Insider Intelligence delivers leading-edge research to clients in a variety of forms, including full-length reports and data visualizations to equip you with actionable takeaways for better business decisions.
In-depth analysis, benchmarks and shorter spotlights on digital trends.
Learn More
Interactive projections with 10k+ metrics on market trends, & consumer behavior.
Learn More
Proprietary data and over 3,000 third-party sources about the most important topics.
Learn More
Industry KPIs
Industry benchmarks for the most important KPIs in digital marketing, advertising, retail and ecommerce.
Learn More
Client-only email newsletters with analysis and takeaways from the daily news.
Learn More
Analyst Access Program
Exclusive time with the thought leaders who craft our research.
Learn More

About Insider Intelligence

Our goal at Insider Intelligence is to unlock digital opportunities for our clients with the world’s most trusted forecasts, analysis, and benchmarks. Spanning five core coverage areas and dozens of industries, our research on digital transformation is exhaustive.
Our Story
Learn more about our mission and how Insider Intelligence came to be.
Learn More
Rigorous proprietary data vetting strips biases and produces superior insights.
Learn More
Our People
Take a look into our corporate culture and view our open roles.
Join the Team
Contact Us
Speak to a member of our team to learn more about Insider Intelligence.
Contact Us
See our latest press releases, news articles or download our press kit.
Learn More
Advertising & Sponsorship Opportunities
Reach an engaged audience of decision-makers.
Learn More
Browse our upcoming and past events, recent podcasts, and other featured resources.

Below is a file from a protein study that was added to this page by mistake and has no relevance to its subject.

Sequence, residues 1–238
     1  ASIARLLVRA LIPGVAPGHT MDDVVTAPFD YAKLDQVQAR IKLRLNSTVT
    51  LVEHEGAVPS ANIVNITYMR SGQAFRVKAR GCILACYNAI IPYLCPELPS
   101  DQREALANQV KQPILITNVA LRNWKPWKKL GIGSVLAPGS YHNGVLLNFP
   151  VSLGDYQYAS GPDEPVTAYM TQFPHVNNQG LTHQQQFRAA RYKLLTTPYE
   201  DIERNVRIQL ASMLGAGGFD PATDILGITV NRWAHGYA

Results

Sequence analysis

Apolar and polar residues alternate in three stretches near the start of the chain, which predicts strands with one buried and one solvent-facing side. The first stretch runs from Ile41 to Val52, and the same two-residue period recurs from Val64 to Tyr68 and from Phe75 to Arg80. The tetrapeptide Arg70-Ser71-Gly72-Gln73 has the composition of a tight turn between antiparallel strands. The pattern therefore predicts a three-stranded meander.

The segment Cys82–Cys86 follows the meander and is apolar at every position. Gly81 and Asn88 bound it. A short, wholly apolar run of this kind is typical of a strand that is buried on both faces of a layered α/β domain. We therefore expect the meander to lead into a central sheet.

Learn More
Tune in to eMarketer's daily, weekly, and monthly podcasts.
Learn More

Unexpected medical bills plague US consumers—here are 2 key reasons why this could improve soon

The data: 20% of adults or their families got slapped with a surprise medical bill this year, and 22% were charged over $1,000 unexpectedly, according to a June Morning Consult survey of 2,210 US adults.

Digging deeper into the data: Many US adults aren’t aware of new legislation that protects them from unanticipated billing.

  • The No Surprises Act went into effect in January to reduce the number of unanticipated out-of-network medical bills during emergency care.
  • Yet, only 16% of US adult consumers say they’ve heard, read, or seen content about the No Surprises Act, per Morning Consult.

US patients aren’t relying on insurers for deals: They’re taking matters into their own hands and tapping low-cost pharmacies or tools like Mark Cuban’s pharmacy, GoodRx, and Blink Health.

  • For example, during its Q1 call, GoodRx claimed its prescription transactions revenues increased 16% year over year, with an average of over 6.4 million monthly active consumers.

These digital-first companies are becoming more reliable for consumers, whether they’re insured or uninsured. That’s because having insurance doesn’t guarantee immunity from surprise medical billing.

  • 21% of insured adults say they received a surprise bill this year, while only 17% of uninsured patients said the same, per Morning Consult.

2 things will ease billing woes: But they'll take considerable time to implement.

1. Price transparency rules

Although hospitals are lagging on posting CMS-mandated prices for their procedures, it appears insurers are ahead of the game. Payers like United Healthcare and Anthem have already posted their rates online. It’s too early to tell whether or not it’ll reduce surprise billing for the long haul, but it could give consumers more clarity on insurance rates for certain procedures before getting treatment.

2. State-led initiatives

California recently announced it’s taking the plunge to develop its own low-cost insulin as consumer healthcare spending skyrockets.

  • California will allocate $100 million of the state budget to manufacture affordable meds, per Governor Newsom. Half of the funding will go toward building a state-based manufacturing facility, and the other half will cover the cost of producing insulin products.
  • It will likely take a while to roll out to Californians—but if successful, it could become a blueprint for other states to take a similar strategy.